Here is one example to get you going:

Capo first capo on first Fret, this capo holds down all six strings, next capo is at fifth fret, and covers only the first four strings. The second capo creates an A-shape C barre chord with the added 6th on the high E string. First Capo hold down a F note on the Low E and a Bb on the A string.
You can ignore the Bb on the A string. The A string can still be used for fretting notes. You can still play a C at the 3nd fret  The C can be used to give the Rootnote of the chord. The low E string creates the fourth of the chord. In a way you are playing:  C/F

Experiment what kind of melodic ideas you can play now while the two capos hold down the notes as mentioned before.

Ones you start to see what the two capos can do you will love it.
Remember this is not a short cut to get better sounding chords, it is just a different method to get some ideas going for another way of playing the guitar. In a way using the two capos is limiting as a lot of your fretboard is taken up by the use of the two capos. Do not use this idea if you want to play through a lot of different keys. It may be better to treat this idea as another way to play with open tunings with the advantage of not having to retune your strings to another pitch.

Enjoy and hope to catch you soon again,
Eddie

Song Writing and Chords

Most guitar players who start out with songwriting will start out with chords, logical as most guitar players start out with playing chords in the first place when learning to play the guitar.
After people have written their fist few songs they may start to feel: “I need use more complex chords, chords such as extended chords which contain 9ths, 11ths and 13ths”. 
Learning about chords, their basic construction and what to do how to extend them is not wrong but most of the songs you like have been written with basic chords. Chords can be played in various ways and how you put those chords together is another matter. Too many “pretty chords” in a song may be a bit too much. Select them carefully for them to make a contrast against the rest of the harmonic landscape of your songstructure.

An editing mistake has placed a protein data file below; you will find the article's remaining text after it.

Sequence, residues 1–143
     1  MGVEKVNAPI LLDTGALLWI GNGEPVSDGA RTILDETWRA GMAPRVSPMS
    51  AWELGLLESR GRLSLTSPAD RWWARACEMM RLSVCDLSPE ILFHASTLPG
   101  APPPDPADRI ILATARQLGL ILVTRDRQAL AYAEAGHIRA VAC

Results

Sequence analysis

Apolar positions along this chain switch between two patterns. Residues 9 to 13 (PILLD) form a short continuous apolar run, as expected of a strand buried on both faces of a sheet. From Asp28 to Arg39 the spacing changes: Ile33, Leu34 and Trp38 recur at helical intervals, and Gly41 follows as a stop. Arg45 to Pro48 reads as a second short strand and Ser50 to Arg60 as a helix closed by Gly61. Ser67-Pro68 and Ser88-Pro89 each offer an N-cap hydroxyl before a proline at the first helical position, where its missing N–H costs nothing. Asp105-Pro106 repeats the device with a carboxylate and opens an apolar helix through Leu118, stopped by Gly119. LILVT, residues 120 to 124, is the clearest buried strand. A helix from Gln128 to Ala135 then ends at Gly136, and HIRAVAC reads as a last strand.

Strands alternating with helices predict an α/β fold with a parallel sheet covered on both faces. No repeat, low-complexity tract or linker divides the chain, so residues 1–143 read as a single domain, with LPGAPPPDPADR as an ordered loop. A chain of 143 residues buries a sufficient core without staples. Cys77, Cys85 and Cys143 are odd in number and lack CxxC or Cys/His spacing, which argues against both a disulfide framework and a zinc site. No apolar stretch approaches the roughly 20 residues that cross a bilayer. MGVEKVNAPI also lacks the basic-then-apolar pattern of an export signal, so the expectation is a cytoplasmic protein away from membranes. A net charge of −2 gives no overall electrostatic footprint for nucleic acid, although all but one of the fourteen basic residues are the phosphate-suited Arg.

A useful approach to songwriting is to use all what you know and to use it at its best: Once you have a chordsequence experiment with the strums: Does each chord need to be played for one bar or should I try playing two beats for a few chords? Experiment with the arrangement of your song: It is a common feeling to be happy once you have your order of chords, there is this feeling of accomplishment. Great, but maybe the songstructure could do with some extra work? Record the song for yourself and listen back to how it sounds like. When you listen to your song keep the listener in mind. Is the song fun to listen to?

if you have only written a handful of songs do not worry so much about what I mentioned before, as your songs will start to get better the more you write.

Over the next few articles I will give a few pointers as in what may be a good approach to writing, giving you a few more, extra techiniques you may want to try out for your own writing.

Keep on reading and hope to catch you soon again,
Eddie

Guitar Lessons: Playing Slash Chords for First Inversions

Last article was about Slash chords, this article will deal again with the subject of Slash Chords.
Slash Chords are great for playing first inversions of your chords.

What are inversions? an inversion of a chord is where the notes have been grouped in a different order compared to the Rootpostion of the chord. Each three chord note does have two inversions.
Here is a example of C major and its two inversions:   

Roootposition; C        First Inversion: E    Second Inversion:     G
                        E                                  G                                      C
                        G                                  C                                      E

If you play these chords in a linear way you will discover that the Rootposition of the chord appears again after you have played the Second Inversion. 

Here an example of Aminor (relative minor for C major) and its two inversions:

Rootposition:   A       First Inversion:   C          Second Inversion:    E
                        C                                   E                                           A
                        E                                   A                                           C

Okay let us now create a first inversion on the fretboard of D major.
The notes in D major are     D
                                         F#
                                         A

To create a Slash chord which uses first inversion of D we need to use the F# in the bass.
Here is one way to finger this chord:

          D/F#

     E——2——

     B——3——

    G ——2—–

    D——-0—-

    A————-

    E——-2—-

F# is on the low E, the open A is not used, Root is on the D, but not longer the lowest note. Rest of the chord is similar to how most of you will play an open D chord. Using the low open A string whilst not playing the F# on the low E string will give you a Second inversion.

Here the same Fist Inversion of D as Slash Chord but fingered higher on the fretboard:

                        
              
                         D/F#

  E—————————————–

  B—————-7————————

  G—————-7———————–

  D —————7———————–

  A —————9———————–